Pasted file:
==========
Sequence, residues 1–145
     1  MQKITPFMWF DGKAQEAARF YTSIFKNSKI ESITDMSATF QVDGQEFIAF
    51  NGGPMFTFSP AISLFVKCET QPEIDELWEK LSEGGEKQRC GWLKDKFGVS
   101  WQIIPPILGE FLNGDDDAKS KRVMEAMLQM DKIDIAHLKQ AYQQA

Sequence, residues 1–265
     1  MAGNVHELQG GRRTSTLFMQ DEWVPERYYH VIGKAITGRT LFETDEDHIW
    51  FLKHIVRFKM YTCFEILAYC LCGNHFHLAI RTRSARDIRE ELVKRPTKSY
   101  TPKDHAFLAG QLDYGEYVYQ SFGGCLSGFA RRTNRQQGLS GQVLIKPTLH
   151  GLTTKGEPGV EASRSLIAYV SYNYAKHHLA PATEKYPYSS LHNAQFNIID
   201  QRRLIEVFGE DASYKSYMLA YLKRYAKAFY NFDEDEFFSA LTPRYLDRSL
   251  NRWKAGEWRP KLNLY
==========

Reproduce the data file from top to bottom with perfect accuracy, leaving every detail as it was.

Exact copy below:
Sequence, residues 1–145
     1  MQKITPFMWF DGKAQEAARF YTSIFKNSKI ESITDMSATF QVDGQEFIAF
    51  NGGPMFTFSP AISLFVKCET QPEIDELWEK LSEGGEKQRC GWLKDKFGVS
   101  WQIIPPILGE FLNGDDDAKS KRVMEAMLQM DKIDIAHLKQ AYQQA

Sequence, residues 1–265
     1  MAGNVHELQG GRRTSTLFMQ DEWVPERYYH VIGKAITGRT LFETDEDHIW
    51  FLKHIVRFKM YTCFEILAYC LCGNHFHLAI RTRSARDIRE ELVKRPTKSY
   101  TPKDHAFLAG QLDYGEYVYQ SFGGCLSGFA RRTNRQQGLS GQVLIKPTLH
   151  GLTTKGEPGV EASRSLIAYV SYNYAKHHLA PATEKYPYSS LHNAQFNIID
   201  QRRLIEVFGE DASYKSYMLA YLKRYAKAFY NFDEDEFFSA LTPRYLDRSL
   251  NRWKAGEWRP KLNLY